The next few years should prove productive downtown for Pikes Peak Community College, which is anticipating the launch of a $20 million series of expansion projects that will more than double the size of its center-city campus.
PPCC President Lance Bolton said that the school is currently planning a two-phase expansion of its Downtown Studio Campus at 100 W. Pikes Peak Ave. (just west of Penrose Library), including additions to its current facilities and construction of a large, multi-story structure on newly acquired property across the street.
The purchase of that property — a .77-acre T-shaped tract of land at 22 N. Sierra Madre St. — was finalized March 21 and cost $727,000, according to the El Paso County assessor’s office.
Funding for the real estate transaction was allocated through the Colorado Department of Education’s Board for Community Colleges and Occupational Education.
The land sits directly west of the downtown campus and includes the 10,135-square-foot former home of the Gowdy-Printcraft Press, a facility Bolton said will be razed to make way for new development. But before work can begin on that land, the school must address the first phase of the project.
“We have two things going on downtown,” Bolton said. “The first priority has been, and continues to be, an addition to our current downtown campus.”
Plans for the first phase of expansion include the creation of a 3,500-square-foot student commons facility and 4,500-square-foot Black Box Theater for performing arts, which will boost the Downtown Studio Campus to nearly 43,000 square feet of usable space. Both structures will be located between the two existing PPCC buildings and will face westward, across Sierra Madre from the new property.
PPCC has submitted a request to the state Legislature’s Capital Development Committee for $4 million of the estimated $5 million needed to complete phase one. The remaining $1 million will come from the college’s reserve for capital improvements.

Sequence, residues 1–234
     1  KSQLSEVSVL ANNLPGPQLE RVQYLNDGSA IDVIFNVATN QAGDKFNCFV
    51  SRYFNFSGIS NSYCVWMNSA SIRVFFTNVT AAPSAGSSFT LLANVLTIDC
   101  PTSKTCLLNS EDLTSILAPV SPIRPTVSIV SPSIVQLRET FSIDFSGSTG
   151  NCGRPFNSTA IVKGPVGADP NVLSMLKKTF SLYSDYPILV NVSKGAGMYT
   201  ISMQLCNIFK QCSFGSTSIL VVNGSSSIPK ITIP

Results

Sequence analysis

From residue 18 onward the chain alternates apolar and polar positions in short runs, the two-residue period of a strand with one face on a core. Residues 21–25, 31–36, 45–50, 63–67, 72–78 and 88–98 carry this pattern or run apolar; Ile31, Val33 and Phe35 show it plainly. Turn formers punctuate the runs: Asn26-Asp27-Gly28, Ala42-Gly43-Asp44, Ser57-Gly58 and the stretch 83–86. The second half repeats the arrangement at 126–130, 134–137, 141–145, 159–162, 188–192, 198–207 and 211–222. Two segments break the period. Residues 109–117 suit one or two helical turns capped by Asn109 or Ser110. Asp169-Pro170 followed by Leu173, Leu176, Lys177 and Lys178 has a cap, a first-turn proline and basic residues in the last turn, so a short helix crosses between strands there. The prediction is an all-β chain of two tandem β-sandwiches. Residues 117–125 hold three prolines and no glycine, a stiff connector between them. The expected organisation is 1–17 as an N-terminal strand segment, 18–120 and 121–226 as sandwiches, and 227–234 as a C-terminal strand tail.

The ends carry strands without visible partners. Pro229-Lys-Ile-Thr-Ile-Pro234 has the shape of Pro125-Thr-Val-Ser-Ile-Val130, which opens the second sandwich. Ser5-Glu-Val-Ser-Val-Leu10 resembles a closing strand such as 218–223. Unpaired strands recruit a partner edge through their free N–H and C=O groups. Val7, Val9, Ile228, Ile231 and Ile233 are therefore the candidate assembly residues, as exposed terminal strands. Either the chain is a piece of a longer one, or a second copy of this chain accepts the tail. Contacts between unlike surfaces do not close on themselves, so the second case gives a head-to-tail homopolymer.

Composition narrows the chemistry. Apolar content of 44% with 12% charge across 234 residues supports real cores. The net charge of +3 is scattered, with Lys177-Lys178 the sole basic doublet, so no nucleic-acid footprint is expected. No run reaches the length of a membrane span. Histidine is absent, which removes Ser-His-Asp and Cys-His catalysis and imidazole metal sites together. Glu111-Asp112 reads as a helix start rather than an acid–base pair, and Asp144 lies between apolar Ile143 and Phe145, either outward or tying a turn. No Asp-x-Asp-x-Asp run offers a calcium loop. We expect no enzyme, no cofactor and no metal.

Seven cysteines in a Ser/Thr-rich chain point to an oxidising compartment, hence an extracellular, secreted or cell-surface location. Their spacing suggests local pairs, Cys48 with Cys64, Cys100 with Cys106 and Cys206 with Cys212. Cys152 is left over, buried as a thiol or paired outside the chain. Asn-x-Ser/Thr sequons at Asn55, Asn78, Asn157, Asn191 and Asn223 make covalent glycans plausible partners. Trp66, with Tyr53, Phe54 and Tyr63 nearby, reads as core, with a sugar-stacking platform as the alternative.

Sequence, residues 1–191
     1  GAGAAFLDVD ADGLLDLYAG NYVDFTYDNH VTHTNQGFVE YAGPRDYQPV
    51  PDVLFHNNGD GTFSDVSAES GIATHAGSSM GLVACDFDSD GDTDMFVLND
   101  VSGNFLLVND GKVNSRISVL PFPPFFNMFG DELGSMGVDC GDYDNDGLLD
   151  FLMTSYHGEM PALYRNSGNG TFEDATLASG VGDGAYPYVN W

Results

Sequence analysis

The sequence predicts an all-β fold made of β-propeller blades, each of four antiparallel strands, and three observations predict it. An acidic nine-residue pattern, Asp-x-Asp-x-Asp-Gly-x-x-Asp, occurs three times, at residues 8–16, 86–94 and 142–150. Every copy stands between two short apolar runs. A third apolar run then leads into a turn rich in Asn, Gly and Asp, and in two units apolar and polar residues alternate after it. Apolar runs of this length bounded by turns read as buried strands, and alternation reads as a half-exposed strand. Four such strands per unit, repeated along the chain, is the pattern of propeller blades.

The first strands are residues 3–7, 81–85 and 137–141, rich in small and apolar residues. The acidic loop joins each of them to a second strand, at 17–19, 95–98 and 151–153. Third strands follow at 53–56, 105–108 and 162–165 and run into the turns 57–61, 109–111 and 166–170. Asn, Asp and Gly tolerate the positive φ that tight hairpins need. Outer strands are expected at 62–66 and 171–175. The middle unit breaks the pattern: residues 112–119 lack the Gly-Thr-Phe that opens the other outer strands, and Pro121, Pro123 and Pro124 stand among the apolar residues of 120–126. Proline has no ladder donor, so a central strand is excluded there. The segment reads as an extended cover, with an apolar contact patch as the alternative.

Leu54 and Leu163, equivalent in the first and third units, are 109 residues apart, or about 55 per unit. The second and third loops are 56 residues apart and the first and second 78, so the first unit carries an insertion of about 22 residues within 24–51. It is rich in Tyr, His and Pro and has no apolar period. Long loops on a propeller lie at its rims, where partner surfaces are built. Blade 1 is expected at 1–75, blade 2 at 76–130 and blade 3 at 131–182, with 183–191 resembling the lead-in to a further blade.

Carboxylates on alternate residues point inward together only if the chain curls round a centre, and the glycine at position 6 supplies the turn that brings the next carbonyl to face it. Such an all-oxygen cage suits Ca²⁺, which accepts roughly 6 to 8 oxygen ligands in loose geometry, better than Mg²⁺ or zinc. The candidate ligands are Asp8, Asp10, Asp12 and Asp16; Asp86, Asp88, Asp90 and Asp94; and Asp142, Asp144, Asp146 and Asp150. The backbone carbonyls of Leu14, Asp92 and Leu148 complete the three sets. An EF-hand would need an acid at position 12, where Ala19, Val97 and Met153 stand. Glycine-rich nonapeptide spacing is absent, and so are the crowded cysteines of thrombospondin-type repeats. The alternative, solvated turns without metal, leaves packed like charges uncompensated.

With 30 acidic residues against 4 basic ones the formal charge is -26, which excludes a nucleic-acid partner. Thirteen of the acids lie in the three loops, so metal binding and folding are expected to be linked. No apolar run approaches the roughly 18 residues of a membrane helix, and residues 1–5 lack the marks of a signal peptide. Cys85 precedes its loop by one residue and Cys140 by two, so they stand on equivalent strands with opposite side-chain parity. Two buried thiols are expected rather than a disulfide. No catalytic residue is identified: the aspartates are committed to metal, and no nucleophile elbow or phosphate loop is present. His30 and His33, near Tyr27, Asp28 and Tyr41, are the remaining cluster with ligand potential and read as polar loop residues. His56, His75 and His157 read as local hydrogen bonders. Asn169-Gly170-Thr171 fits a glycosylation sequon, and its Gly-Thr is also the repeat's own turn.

“We think that we’ve got a good chance,” Bolton said in reference to state funding. “We should know in the next few months whether we can get it funded.”
The 8,000-square-foot project likely will come more than a year before work begins on the much larger second phase: construction of a 40,000-square-foot building that Bolton said will stand four or five stories high and cost in the ballpark of $15 million. The building likely will house science and computer labs, expanded space for arts programs — including graphic design and visual and performing arts — and will allow the campus to support its growing student population.
Currently, Bolton said, nearly 5,000 students utilize PPCC’s downtown location.
“Our busiest campus is downtown,” Bolton said. “Students can get there by bicycle or on foot … and there are around 40,000 jobs within a square mile of downtown. I think that is one of the reasons that many of our students chose to attend our downtown campus.”
The charge to expand was initiated by the college’s Academic Master Plan and Master Facilities Plan, which called for the addition of more night and weekend classes, an expansion of arts programs, attention to growth opportunities and development of support services to improve student success.
“We are really short on space for much of what we do downtown,” said Bolton, who has been at PPCC since mid-2011.
Timelines for both projects will depend on whether state support is allocated for the first phase of expansion. Bolton said that if funding is appropriated, “we would start right away in July on that construction and have that done in about a year — so July 2015 if things go spectacularly well.”
If not, he said that both projects will be pushed back until the cash comes in. Either way, students can in the meantime take advantage of the large parking lot — with space for 70 to 90 vehicles — that was included in the real estate transaction.
PPCC, which has been in operation for 45 years, offers a variety of both associate degrees and technical certifications and currently enrolls around 22,000 students each year. Along with its main campus at 5675 S. Academy Blvd., PPCC has three locations in the Springs and one in Falcon.